This is the realpolitik of British neo colonial policy on Nigeria- which makes sense and serves British purpose to the extent there is a Nigeria, stable and secure enough for British economic exploitation. The moment this utility evaporates, it then becomes untenable to argue that the vested interests of the British patriarchy is served by the perpetuation of Nigeria’s political status quo, by omission or commission.
It has been difficult for me to live down the deserved insult on Nigerians by former British prime minister David Cameron to the effect that “Nigerians are fantastically corrupt”. The reason it has been so (for me) is that if Nigeria has failed, the responsibility for the failure is more that of British than of Nigerians. Nigeria is a British creation and experiment that has gone awry and fulfilled the fate to which it was doomed. “With Lord Lugard’s arbitrary conception of Nigeria in mind, one can begin to see the many and varied problems colonialism created in Nigeria, across West Africa, and around the world”. Walter Gould further revealed that “Cumming-Bruce was able to persuade the Emirs that secession would have been an economic disaster…As Cumming-Bruce stated: ‘But it wasn’t on the face of it easy to get them to change, but I managed to do it overnight. On a second meeting with Cumming-Bruce he greeted me with the comment: ‘I sometimes wonder whether I did the right thing in keeping Nigeria together”.
Similarly bitten with buyers remorse, the neo Lugardian establishment pundit, Anthony Kirk Green, soberly reflected, “The tragedy of 1967 is that many of its seeds were not, as is often claimed, sown in October or even July 1966, but in the 1950s or, as some see it, in 1914 or maybe in 1900 itself.” And in his memorandum that crystallised from the 1957 London constitutional conference on Nigeria, the Secretary of state for the Colonies, Allan Lennox Boyd, regretted that “the North fears and dislikes the more educated Southerners and if they were not economically bound to the federation would be glad to be quit of it.”
“Since 1914, according to Sir Abubakar Tafawa Balewa, the British Government has been trying to make Nigeria into one country, but the Nigerian people themselves are historically different in their backgrounds, in their religious beliefs and customs and do not show themselves any sign of willingness to unite… Nigerian unity is only a British intention for the country.”- Sir Abubakar Tafawa Balewa. Somewhat echoing Tafawa Balewa in lucidity I would never have thought of Isaac Adaka Boro, he reasoned that “The attitude of the British to the Nigerian problem suggested that their handing over to Nigeria a political set up of total democratic imbalance and contradictions was satanic and a calculated trap to overwhelm the country with disastrous political upheavals. Surely, their reasons would be that they were reluctant to leave the country and were only forced out by political pressures of certain ambitious citizens of the country…What all lovers of peace and equity would tell them was that they made a mess of Nigeria and owe a profound apology to the democratic world at large.”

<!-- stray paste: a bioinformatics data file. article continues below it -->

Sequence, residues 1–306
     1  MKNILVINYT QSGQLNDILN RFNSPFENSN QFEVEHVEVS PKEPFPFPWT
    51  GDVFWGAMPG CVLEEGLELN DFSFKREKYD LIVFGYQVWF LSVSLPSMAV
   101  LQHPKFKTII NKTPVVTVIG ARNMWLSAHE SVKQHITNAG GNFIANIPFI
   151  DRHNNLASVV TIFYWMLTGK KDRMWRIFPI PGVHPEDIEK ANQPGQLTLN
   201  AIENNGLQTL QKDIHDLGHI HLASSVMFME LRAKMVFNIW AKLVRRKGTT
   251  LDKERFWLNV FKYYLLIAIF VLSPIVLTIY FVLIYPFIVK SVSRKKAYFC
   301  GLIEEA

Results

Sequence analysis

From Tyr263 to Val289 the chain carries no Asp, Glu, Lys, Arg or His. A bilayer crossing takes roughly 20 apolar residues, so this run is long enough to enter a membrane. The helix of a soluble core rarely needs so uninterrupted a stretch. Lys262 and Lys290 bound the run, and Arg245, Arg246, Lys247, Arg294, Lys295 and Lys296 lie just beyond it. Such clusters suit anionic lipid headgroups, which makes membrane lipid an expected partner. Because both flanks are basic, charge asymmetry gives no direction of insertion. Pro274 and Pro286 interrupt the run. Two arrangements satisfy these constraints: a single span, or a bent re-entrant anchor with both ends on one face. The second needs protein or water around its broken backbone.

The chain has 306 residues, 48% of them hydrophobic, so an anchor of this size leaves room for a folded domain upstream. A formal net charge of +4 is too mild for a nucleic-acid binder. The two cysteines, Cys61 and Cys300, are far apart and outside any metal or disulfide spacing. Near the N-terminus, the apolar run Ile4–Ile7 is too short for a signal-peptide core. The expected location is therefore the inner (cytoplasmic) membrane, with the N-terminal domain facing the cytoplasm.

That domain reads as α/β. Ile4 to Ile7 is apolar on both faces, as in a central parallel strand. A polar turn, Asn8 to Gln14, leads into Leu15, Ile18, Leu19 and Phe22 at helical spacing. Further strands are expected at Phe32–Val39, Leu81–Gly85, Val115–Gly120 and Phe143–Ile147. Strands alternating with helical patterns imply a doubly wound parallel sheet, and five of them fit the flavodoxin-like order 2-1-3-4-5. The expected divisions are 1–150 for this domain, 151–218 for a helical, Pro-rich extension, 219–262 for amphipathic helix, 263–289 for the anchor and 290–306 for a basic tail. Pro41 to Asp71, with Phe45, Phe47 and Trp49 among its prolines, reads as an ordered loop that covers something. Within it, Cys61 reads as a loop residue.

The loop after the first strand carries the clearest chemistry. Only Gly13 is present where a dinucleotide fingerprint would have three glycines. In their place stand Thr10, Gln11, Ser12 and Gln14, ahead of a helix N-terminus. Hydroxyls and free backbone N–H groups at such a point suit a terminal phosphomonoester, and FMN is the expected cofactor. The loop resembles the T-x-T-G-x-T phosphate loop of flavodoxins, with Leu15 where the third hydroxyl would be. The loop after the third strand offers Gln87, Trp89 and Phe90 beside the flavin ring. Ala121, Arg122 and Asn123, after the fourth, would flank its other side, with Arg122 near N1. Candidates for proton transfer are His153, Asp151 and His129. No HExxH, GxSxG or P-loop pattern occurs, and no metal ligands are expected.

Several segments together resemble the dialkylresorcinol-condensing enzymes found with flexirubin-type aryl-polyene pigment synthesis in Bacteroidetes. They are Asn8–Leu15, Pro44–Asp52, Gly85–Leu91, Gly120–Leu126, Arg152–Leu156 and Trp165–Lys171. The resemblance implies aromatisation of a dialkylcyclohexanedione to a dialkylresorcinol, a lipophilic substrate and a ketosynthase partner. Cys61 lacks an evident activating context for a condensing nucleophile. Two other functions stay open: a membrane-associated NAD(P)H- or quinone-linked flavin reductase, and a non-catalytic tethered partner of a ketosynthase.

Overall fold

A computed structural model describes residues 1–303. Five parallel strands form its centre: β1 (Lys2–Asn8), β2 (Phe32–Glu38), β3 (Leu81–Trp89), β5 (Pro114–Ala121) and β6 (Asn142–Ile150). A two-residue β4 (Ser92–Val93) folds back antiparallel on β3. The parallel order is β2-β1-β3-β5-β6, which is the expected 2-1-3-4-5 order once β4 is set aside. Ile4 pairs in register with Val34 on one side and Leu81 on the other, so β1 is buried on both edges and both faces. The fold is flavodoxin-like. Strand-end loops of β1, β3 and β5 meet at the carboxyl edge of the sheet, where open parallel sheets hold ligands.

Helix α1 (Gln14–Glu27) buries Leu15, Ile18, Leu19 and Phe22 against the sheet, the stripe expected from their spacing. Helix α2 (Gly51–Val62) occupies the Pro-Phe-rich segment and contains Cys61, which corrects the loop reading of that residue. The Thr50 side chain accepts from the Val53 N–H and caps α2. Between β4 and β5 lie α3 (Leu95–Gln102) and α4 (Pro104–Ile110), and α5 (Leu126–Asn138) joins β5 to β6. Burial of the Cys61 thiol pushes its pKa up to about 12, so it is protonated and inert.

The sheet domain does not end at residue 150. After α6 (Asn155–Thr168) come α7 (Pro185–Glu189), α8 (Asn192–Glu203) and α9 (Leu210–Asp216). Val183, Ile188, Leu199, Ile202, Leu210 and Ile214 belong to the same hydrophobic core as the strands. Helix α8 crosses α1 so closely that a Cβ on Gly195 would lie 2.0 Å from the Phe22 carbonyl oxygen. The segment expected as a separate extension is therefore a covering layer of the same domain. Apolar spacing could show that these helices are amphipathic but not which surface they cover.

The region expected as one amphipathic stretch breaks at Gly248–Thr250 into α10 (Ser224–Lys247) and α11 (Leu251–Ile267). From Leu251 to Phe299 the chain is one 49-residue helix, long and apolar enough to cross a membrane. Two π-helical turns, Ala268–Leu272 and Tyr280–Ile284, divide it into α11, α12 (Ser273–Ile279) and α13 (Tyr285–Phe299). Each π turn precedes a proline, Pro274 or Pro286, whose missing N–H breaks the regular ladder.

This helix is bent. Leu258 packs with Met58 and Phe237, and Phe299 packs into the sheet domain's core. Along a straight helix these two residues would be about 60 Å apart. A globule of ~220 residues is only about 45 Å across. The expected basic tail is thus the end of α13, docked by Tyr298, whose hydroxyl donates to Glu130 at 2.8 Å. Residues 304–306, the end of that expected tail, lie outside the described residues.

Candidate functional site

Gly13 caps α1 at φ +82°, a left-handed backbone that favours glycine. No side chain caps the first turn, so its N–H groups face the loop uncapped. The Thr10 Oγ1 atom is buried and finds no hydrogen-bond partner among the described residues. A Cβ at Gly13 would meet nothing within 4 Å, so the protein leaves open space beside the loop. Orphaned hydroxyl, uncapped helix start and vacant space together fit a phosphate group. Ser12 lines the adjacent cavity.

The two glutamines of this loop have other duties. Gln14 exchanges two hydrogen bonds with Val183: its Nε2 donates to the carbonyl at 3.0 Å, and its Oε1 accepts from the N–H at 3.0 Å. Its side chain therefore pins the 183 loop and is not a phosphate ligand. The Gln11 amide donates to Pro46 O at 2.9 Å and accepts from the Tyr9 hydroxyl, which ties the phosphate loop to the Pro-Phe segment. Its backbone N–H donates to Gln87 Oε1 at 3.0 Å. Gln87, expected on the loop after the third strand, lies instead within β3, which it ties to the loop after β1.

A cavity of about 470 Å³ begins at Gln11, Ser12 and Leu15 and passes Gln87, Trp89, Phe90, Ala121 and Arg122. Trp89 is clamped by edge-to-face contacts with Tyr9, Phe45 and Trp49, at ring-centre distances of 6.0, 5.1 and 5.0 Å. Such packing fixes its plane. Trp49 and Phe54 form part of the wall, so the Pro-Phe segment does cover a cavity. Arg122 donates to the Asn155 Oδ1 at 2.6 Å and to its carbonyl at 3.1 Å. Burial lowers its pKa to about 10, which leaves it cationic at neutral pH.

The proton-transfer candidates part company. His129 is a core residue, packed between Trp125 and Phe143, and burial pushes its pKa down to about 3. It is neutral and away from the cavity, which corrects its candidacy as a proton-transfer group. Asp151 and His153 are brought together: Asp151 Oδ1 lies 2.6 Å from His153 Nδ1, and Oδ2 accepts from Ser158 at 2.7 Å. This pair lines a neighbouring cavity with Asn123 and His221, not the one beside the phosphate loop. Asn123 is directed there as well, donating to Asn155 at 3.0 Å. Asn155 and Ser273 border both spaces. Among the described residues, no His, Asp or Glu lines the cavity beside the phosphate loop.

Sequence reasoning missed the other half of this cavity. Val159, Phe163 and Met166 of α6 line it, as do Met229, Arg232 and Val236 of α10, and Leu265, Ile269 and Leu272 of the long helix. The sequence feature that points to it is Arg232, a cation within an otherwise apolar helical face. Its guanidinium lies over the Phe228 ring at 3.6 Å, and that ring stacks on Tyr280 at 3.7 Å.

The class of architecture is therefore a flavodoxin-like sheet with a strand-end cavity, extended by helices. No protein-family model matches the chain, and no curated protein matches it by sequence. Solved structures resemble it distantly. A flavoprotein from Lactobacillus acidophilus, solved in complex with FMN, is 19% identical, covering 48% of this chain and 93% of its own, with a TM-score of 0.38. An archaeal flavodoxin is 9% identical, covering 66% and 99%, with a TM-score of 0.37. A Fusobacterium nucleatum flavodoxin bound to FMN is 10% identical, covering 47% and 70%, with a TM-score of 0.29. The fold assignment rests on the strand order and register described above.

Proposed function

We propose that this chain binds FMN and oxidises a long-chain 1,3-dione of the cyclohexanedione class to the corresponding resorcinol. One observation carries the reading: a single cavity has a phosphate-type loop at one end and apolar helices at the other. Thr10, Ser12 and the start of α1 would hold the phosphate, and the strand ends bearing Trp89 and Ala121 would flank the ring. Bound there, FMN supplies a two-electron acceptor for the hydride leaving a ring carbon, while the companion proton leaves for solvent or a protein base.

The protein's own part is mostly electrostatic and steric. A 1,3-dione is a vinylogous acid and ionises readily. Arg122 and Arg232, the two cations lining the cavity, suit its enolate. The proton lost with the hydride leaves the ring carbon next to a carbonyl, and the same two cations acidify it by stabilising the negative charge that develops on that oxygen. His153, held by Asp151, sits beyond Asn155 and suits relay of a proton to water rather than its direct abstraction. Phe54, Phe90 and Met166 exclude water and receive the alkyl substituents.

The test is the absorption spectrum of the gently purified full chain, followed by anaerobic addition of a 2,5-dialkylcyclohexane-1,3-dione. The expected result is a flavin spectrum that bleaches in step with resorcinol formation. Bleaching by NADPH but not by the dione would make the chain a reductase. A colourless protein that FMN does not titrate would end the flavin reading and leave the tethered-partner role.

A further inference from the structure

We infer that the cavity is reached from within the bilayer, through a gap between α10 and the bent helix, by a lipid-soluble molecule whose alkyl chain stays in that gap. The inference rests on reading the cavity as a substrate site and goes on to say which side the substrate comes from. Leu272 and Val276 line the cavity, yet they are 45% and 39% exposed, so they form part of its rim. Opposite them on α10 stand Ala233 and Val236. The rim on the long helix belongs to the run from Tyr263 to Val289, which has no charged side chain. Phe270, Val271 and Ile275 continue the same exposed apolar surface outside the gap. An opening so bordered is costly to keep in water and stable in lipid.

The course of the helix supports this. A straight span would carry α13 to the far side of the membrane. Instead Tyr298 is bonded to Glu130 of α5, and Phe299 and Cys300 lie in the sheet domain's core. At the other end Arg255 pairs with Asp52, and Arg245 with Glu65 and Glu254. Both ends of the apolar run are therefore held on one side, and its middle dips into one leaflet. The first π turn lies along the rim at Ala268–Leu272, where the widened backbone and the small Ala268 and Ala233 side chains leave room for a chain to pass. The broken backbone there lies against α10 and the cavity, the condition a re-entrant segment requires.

Regardless the validity of this train of opinion, the remorse I regularly feel is how to make the point that Nigeria is an ill-conceived nation without hurting the sentiments and emotions of friends and confidantes across the cleavages of region and religion. As a theoretical proposition, Nigeria is a non-starter, a creation in whose womb resides the virus of its destruction. The fact that the ill fate of Nigeria was near inevitable does not however extenuate the culpability of the willful and cruel midwives of its failure. As the scriptures warned “the Son of Man will go as it has been decreed but woe to that man who betrays him!” The Nigerian inheritors of British colonialism were entrusted with the tall order of making the best of a bad situation and this they did for a few intermittent years until the emergence of the perverse primitive breeds who came to make the worst of a bad situation.
BUA Vs Dangote
If there is any positive news buzz that caught my attention lately, it was that of the business row between the two giant industrialists, Samad Rabiu and Aliko Dangote. It is a signal that it is less likely than not that they are jointly exploiting the relative lack of competition to collude and foist a sellers market price regime of cement and sugar commodities in the Nigerian market.
Moreover, “If anything, this battle or clash of the titans can only be a good thing for the country, and indeed the continent. America was built by bold industrialists, each vying for dominance. The Korean Chaebols (large, conglomerate family-controlled firms) which are now global giants, grew huge thanks to fierce competition amongst themselves that pushed them to innovate, be lean and become globally competitive.”
Significantly, together, the two wildly successful entrepreneurs constitute the utility of a Nigerian role model especially for their home region of the North. Weaning Nigeria away from a general obsession with public office to the productivity driven industrial sector is a magic wand against Nigeria’s killer pandemic of corruption. They offer me a clarification of my position on the political reforms that are germane to the productivity driven development of Nigeria. That no one is suggesting that Fulani or northern Muslim identity is synonymous with backwardness and lacking in achievement motivation.
DIALOGUE BY AKIN OSUNTOKUN